The CEA and its ecosystem
The CEA and its ecosystem

The CEA and its ecosystem

The CEA in the coronavirus pandemic

The CEA’s standing in the field of research and innovation in France, gained from its long-established nuclear power provision in the civil and defence sectors, a strong foundation in fundamental research (especially biology) and a wealth of expertise in technology development and transfer, has secured its involvement in a variety of fields since the onset of the pandemic. In collaboration with all its partners (research organisations, universities, hospital departments, businesses and local authorities) in France and Europe alike, the CEA has delivered a rapid response in front-line sectors whilst ensuring continuity of its major programme commitments.

Les équipes du CEA mobilisées dans la lutte contre la Covid-19.
CEA teams mobilised in the fight against Covid‑19. © Gilnature/istock/Getty Images Plus

Many CEA teams are involved in numerous research projects relating to Covid‑19.»

CEA staff have not only been involved in the manufacture and supply of PPE (masks, gloves, scrubs, aprons and hand sanitiser), they have also drawn on their vast experience in developing technologies for the medicine of the future, fundamental biology and digital transformation in the healthcare sector to launch several research projects into Covid‑19.

These projects focus on five key areas: medical devices to prevent or combat Covid‑19; vaccination strategies; infection diagnosis; the physiopathology of the disease and associated therapeutics; and the impact of the pandemic. They involve teams predominantly from three of the CEA’s four our operational divisions: Technological Research, Fundamental Research and Military Applications.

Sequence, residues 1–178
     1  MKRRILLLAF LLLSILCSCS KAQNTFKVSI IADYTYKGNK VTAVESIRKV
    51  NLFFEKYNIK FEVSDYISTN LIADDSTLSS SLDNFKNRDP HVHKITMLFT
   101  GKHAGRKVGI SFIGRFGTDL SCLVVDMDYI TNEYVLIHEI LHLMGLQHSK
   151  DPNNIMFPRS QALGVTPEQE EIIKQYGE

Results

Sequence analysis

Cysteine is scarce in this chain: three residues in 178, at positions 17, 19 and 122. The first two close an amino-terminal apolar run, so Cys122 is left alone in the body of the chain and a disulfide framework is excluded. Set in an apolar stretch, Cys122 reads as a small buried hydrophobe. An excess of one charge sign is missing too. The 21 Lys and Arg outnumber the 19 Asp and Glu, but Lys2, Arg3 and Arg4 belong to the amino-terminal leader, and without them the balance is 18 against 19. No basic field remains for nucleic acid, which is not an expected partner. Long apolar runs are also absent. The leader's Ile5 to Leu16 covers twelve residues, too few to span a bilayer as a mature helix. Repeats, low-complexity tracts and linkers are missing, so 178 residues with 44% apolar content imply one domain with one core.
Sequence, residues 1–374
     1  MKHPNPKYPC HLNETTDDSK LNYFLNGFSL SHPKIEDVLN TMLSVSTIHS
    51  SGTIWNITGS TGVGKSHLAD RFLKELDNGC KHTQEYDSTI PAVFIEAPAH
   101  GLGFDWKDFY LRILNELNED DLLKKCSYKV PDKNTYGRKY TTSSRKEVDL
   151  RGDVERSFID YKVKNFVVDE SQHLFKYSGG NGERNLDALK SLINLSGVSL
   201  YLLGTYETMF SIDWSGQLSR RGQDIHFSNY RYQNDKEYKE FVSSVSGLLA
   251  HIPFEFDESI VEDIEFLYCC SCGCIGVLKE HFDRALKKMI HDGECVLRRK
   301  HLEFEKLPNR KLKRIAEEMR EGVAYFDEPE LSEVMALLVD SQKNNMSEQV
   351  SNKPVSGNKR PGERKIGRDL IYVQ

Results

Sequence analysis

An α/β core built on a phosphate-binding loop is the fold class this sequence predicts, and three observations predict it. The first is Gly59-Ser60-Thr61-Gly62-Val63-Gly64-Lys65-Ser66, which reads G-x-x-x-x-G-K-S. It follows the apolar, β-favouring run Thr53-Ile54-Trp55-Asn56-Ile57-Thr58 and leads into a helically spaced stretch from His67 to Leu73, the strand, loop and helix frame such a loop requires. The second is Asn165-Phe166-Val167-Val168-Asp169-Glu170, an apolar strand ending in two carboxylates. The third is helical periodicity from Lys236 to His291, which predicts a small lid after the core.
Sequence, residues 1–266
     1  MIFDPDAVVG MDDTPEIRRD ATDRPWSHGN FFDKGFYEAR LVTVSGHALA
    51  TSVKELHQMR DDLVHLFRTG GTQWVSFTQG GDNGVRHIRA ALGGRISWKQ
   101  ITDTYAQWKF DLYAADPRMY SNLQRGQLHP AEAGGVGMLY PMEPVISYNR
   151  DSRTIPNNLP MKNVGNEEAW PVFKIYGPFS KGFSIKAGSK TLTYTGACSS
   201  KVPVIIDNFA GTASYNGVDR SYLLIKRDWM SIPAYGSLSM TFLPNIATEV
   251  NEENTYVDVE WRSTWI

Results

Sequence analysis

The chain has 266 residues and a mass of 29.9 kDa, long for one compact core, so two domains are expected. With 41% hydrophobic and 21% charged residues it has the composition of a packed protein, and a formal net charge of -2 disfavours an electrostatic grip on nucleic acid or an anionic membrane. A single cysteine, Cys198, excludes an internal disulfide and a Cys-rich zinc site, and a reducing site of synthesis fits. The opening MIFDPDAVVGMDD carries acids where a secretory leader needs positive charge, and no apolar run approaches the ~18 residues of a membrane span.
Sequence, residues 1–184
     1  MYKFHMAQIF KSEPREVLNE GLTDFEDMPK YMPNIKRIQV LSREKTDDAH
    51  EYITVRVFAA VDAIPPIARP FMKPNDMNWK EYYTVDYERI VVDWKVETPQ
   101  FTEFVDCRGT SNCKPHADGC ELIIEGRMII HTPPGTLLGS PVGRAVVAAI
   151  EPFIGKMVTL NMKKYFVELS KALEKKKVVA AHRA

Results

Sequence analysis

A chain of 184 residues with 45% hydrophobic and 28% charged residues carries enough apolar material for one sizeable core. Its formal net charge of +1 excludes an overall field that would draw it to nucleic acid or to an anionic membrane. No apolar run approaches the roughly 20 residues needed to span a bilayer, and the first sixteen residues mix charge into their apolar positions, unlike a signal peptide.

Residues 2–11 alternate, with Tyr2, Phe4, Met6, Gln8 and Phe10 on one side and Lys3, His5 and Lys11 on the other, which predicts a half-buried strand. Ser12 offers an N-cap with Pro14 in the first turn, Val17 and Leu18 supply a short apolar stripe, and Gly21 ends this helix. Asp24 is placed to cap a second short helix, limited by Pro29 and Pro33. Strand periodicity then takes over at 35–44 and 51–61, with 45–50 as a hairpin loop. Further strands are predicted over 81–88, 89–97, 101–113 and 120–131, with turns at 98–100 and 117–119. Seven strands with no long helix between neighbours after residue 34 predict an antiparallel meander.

All results obtained in 2020 and at the beginning of 2021 are available on the CEA’s website.

A brochure published in March 2021 also details some of the CEA’s significant contributions to the fight against coronavirus: download here

Close monitoring of facilities

This targeted R&D effort has strengthened the CEA’s capability to protect both its staff and its facilities considerably. The organisation’s robust industrial and nuclear safety culture, combined with proven emergency preparedness, ensured its swift response in implementing business continuity plans to secure all sensitive facilities, such as test reactors, hot labs, and clean rooms.

Lockdown and widespread enforced working from home certainly proved problematic on occasion, particularly in cases where research required access to laboratory equipment or involved highly sensitive information that could not be taken outside secure premises. Some activities in affected facilities had to be reconfigured to introduce rotating schedules and strict data confidentiality, as well as COVID-19 safety measures.